The birth and life of the National Teachers Union Towards the Centenary
The National Teachers’ Union (NATU) walked a lonely, long and winding but dignified road from 1918 through the segregation of the 1920’s, the missionary era, the Bantu Education era with its notorious school board system, the Black Education era with its students and class boycotts, the pre-liberation era with its defiance for authority and People’s Education slogans to the present political dispensation with its curriculum experimentation, casualisation of teaching and permanent downsizing of education institutions personnel.
NATU is an organisation of the future which provided and till continues to provide a support system for professionally-oriented educators.
The entire life of NATU from the era of Reverend Xaba to that of S.L. Ngcobo has been the perpetual struggle towards the quality of teaching and learning on the one hand and towards the enhancement of the status of the teaching profession in general on the other.
It is the organisation’s hope that one day teachers will work with dignity.
The year 2014 marked the celebration of the union’s 96 th anniversary as the event looked back at the formation of three stalwart organisations in 1918 which would eventually give birth to NATU.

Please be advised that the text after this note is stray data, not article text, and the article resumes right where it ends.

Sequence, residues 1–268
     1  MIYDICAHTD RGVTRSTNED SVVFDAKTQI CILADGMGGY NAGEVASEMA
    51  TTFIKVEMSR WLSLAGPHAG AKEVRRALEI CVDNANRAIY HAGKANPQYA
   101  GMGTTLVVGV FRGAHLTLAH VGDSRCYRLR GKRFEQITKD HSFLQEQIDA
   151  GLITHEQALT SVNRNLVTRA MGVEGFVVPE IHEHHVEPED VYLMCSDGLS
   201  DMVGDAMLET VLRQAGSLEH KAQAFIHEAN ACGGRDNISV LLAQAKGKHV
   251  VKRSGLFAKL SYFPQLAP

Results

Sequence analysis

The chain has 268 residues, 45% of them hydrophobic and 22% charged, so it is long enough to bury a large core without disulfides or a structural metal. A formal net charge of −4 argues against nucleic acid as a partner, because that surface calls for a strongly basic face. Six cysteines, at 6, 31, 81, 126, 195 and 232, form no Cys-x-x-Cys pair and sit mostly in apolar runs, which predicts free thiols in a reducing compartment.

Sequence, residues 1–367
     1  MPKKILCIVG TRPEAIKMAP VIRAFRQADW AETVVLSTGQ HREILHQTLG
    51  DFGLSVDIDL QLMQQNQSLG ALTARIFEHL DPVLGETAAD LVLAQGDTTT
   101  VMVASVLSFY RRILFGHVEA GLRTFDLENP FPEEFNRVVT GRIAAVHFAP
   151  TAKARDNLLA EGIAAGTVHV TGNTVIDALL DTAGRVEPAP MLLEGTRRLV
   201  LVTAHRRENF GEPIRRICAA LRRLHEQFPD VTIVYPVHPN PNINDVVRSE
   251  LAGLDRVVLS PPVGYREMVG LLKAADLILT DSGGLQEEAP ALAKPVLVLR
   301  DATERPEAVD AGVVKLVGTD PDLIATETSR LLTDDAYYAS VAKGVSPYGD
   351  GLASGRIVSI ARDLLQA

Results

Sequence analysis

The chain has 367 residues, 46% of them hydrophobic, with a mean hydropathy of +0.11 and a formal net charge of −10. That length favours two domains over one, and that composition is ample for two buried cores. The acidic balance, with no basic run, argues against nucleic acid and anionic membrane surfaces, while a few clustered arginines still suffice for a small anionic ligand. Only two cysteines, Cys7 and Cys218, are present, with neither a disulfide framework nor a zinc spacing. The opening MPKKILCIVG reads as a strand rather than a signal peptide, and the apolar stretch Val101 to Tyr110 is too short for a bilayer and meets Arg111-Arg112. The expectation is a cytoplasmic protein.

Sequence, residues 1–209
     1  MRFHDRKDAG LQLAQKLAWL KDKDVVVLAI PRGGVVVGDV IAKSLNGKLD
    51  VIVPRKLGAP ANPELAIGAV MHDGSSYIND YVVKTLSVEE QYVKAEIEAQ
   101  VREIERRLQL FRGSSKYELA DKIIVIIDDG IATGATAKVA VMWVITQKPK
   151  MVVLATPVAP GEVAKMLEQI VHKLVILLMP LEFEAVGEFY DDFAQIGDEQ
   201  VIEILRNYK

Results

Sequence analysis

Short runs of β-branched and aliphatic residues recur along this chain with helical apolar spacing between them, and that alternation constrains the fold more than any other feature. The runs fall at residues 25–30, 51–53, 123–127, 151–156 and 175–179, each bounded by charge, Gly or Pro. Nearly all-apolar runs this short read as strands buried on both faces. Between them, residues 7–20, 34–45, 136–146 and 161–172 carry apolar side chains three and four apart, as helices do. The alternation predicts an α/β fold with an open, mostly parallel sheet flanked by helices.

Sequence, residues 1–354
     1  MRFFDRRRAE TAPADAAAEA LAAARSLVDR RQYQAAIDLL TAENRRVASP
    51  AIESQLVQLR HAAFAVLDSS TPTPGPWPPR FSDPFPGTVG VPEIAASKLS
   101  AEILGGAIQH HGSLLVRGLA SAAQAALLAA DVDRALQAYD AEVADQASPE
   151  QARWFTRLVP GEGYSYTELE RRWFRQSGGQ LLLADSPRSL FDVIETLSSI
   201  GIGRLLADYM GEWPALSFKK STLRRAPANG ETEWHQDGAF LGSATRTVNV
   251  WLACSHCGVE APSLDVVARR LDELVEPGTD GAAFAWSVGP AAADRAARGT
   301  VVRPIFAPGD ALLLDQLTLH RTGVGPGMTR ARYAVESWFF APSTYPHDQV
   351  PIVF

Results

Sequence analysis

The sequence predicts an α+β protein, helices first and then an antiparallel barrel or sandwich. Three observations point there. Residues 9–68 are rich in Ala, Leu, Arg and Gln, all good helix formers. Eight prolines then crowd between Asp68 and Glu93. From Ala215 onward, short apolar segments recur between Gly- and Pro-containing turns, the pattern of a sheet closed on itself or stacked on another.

Imbued with the loved of and care for their teaching profession, there was a dire need to unite teachers in the then Natal Province, now known as KwaZulu-Natal, into one compact body so as to speak unison in their struggle against the injustices suffered by the teachers in South Africa both under the British and the Afrikaans regimes.
The mission statement of NATU goes thus:
“Teach the children of the nation like never before” and in so doing “bring joy back into the classroom.”
This statement reaffirms NATU’s commitment to their primary task of not only defending the rights of children to learn but also that of safeguarding, adhering and dedicating herself to working selflessly for the rights of teachers to teach.
Furthermore, this statement calls for joy to be brought back into the classroom by the teachers.
Again implicit in this mission statement is the fact that teachers must experience joy themselves first for them to be able to impart it to the learners in class.
This important feature sets NATU apart from other trade unions.
NATU’s six principles:
· Self-reliance and self-development
· Freedom of association and right to organise
· Professional approach to teaching inspired by children’s rights to learn.
· Political and religious non-alignment.
· Autonomy and independence.
· Enhancement of all aspects of the working life of educators.
NATU boasts and celebrates its 13 presidents:
· Reverend JH Xaba – 1918 – 1926
· Professor ZK Mathews – 1926 – 1929
· Mr AW Dlamini – 1929 – 1930
· Mr R Guma – 1931 – 1938
· Dr DGS Mthimkhulu – 1939 – 1953
· Mr MT Moerane – 1953 – 1956
· Mr PO Sikhakhane – 1956 – 1958
· Mr AJ Mwelase – 1958 – 1968
· Mr GT Hadebe – 1969 – 1970
· Mr TB Shandu – 1971 – 1979
· Professor AJ Thembela – 1979 -1996
· Dr MMA Shezi – 1996 – 2000
· Mr SL Ngcobo – 2000 – present
Current NATU president, Siphosethu Lindinkosi Ngcobo has been at the helm for the past 12 years and is described not only as a visionary and perfectionist but an individual who is passionate about the education profession.